Ananda  (short for Anandamide) was discovered during marijuana-related research in 1992. It’s called our ‘inner cannabis’ because it resembles THC in its effects on the body. Anandamide attaches to the same cells as THC and is involved in several functions including memory and appetite. The name of this neurotransmitter comes from a Sanskrit word which means ‘bliss.’

 

2-arachidonoylglycerol (2-AG):

Three years from the discovery of Anandamide, researchers discovered another major eCB, 2-AG.  2-AG attaches to CB1 and CB2 receptors, and research suggests that it’s involved with our emotions and cardiovascular system.

Both of these main neurotransmitters of the ECS are based on lipids (oils and fats). Several different enzymes in our body work together to produce eCBs. To do their job eCBs need assistance for moving through the body. This assistance is provided by endocannabinoid proteins. The transport proteins also perform another vital function: After the eCBs have done their job, the proteins move them to places where they are stored or degraded.

 

Receptor Manipulation:

Along with discovering our inner cannabinoid receptors, researchers were also able to clone cannabis receptors. This led to the development of substances that can activate and deactivate receptors.

Molecules that can activate receptors are called ‘agonists’ and those that can deactivate them are called ‘antagonist.’ eCBs can attach to several receptors. CB1 and CB2 receptors accept three types of cannabinoids: the endogenous type, the plant-based phyto-cannabinoids, such as CBD and THC, and the synthetically-manufactured type.

 

Improper functioning of the endocannabinoid system:

Several ailments are linked to deficiencies in the ECS. This deficiency can result from less than the required quantity of signal messengers Anandamide, 2-AG or CB1/ CB2 receptors. Sometimes it is a combination of these.  Research has shown that deficiencies in endocannabinoid regulation can result in migraines, irritable bowel syndrome, miscarriage, and a host of other conditions.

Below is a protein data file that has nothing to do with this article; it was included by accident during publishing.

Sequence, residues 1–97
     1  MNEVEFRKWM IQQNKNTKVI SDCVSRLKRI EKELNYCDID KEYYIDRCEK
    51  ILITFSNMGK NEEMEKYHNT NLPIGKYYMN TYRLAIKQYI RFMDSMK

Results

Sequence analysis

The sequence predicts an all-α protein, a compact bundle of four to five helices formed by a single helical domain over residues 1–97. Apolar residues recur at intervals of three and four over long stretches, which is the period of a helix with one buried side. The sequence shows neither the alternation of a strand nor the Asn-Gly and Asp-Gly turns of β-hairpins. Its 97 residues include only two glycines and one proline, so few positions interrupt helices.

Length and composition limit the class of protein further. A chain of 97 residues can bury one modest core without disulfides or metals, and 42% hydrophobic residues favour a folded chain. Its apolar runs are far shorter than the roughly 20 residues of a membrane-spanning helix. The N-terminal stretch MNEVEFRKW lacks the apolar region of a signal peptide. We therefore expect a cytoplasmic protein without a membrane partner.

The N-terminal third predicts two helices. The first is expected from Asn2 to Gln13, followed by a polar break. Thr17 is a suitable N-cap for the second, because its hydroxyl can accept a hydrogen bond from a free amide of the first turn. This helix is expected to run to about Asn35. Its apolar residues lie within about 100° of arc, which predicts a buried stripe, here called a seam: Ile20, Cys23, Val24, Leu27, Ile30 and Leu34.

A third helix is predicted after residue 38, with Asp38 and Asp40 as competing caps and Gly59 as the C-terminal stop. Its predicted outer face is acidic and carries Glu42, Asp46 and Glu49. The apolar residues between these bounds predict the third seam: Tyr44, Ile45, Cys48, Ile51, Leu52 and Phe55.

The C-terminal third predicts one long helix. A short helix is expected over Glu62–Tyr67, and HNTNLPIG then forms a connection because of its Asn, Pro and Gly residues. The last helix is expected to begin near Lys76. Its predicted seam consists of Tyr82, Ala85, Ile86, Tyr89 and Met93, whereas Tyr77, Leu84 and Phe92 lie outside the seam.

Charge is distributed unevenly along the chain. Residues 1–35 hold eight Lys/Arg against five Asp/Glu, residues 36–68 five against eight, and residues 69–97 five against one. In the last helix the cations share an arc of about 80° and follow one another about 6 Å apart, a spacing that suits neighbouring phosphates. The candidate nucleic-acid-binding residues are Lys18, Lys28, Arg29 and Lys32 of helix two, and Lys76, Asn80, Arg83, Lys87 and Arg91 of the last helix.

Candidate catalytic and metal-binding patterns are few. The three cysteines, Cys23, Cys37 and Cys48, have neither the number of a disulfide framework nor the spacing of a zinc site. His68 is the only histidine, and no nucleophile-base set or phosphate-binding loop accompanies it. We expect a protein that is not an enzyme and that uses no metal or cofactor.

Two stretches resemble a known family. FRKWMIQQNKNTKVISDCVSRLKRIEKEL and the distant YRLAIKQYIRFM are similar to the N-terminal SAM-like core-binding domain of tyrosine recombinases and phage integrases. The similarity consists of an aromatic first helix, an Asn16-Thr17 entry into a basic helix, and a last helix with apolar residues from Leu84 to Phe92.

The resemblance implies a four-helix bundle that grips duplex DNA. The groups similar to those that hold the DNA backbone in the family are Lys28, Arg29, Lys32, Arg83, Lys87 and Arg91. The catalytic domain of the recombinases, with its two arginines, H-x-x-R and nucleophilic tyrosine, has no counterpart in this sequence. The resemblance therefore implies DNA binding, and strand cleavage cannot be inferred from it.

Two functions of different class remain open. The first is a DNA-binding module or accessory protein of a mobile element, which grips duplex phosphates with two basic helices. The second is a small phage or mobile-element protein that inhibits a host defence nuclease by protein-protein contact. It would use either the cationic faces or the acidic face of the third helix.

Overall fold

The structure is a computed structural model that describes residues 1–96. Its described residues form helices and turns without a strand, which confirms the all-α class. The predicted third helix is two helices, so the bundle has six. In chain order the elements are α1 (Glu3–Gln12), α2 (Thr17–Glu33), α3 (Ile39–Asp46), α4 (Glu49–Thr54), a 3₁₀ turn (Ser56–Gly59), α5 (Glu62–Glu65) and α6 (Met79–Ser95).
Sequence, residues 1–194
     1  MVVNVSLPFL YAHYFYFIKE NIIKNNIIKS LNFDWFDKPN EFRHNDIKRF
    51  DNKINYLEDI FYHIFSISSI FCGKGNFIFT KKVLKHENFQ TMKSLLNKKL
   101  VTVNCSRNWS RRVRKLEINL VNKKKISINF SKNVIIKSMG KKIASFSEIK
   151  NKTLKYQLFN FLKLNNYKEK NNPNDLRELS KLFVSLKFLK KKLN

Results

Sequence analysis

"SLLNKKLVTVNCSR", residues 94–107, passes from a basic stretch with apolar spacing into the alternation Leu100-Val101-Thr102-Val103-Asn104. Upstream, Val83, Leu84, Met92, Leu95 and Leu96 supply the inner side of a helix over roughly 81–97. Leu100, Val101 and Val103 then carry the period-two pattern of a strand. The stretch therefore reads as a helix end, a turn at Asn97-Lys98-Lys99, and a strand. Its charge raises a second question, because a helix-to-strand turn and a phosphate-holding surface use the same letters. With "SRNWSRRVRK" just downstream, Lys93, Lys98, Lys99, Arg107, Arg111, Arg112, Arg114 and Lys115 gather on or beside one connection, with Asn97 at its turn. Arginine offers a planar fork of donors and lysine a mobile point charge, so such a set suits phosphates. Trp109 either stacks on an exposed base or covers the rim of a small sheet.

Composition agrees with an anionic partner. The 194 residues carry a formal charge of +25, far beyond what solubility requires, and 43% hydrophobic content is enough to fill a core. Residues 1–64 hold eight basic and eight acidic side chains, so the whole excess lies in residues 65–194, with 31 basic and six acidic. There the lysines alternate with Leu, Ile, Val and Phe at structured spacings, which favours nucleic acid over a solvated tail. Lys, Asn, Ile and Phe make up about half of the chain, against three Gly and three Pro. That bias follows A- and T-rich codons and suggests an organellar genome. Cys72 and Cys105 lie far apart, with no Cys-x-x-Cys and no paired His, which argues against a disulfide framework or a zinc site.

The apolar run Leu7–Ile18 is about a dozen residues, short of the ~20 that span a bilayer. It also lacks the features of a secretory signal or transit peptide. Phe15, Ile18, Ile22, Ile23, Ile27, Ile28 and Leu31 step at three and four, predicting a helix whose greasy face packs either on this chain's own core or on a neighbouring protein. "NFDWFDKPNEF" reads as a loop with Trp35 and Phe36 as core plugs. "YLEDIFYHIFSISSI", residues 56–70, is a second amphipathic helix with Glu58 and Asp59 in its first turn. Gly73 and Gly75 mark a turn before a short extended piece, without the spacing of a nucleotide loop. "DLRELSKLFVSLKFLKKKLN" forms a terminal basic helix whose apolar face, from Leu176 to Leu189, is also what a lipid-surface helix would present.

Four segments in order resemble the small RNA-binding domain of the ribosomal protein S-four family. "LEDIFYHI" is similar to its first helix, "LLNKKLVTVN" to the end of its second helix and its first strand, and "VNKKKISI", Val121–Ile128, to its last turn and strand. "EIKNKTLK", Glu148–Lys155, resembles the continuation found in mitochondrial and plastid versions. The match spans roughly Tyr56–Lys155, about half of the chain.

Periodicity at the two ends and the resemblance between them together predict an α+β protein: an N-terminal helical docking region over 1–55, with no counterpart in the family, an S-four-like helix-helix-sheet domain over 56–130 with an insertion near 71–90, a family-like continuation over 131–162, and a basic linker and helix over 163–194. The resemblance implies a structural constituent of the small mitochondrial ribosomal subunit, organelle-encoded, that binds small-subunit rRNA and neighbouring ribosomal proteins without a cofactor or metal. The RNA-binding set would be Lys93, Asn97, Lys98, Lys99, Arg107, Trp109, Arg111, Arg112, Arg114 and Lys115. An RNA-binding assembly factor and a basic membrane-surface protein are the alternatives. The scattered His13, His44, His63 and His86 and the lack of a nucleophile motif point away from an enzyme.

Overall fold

CBD and the Endocannabinoid System

CBD (Cannabidiol) is a phytocannabinoid that’s extracted from the flower of the cannabis plant. CBD does not trigger the CB1 or CB2 receptors like the phytocannabinoid THC found in the marijuana plant. Also, unlike THC, CBD does not make a person feel “stoned.”

CBD’s function in the ECS is to influence how natural cannabinoids attach to receptors.

CBD also influences the metabolic enzymes and transport proteins. In the ECS, it modifies the behavior of fatty acid amide hydrolase (FAAH). FAAH is the enzyme that degrades Anandamide.

CBD impairs FAAH’s degradation powers, increasing the quantity of the ‘blissful’ Anandamide in our body. Fatty acid-binding proteins (FABP) bind to Anandamide so the eCB can be transported and metabolized. As a result of CBD’s action, the FABP bind with it instead of the Anandamide, making Anandamide (and its effects) last longer.

Research has shown that CBD can enhance the inhibitory effect of THC on cancer cells (glioblastoma cell). The researchers also found that these effects can be seen when the two compounds are used together as opposed to when they’re used individually.

Other research suggests that a CBD/ THC combination can improve sleep in patients who have conditions such as multiple sclerosis, rheumatoid arthritis, etc.

Regarding its use with inflammation-related conditions, research suggests that plant cannabinoids (phytocannabinoids) have a wide range of benefits and may be useful in treating diabetes, hypertension, depression, neuropathic pain, problems with the central nervous system, and several other diseases.

To summarize the function of CBD in our endocannabinoid system, the compound mainly enhances the effects of our own naturally-occurring endocannabinoids – Anandamide in the case of CBD.

CBD Products

Cannabinoid oil products are now widely available, but not all of them are the real deal.  The unregulated market has made the production and sale of CBD oils and other CBD products a sort of free-for-all.  

There are products being sold that contain little to no cannabidiol, and even some unsafe imitations containing synthetic cannabinoids as well.  Because of this, CBD Charter conducts thorough research into each of the companies we endorse, so that you know you are getting a safe and effective product.

Leave a Comment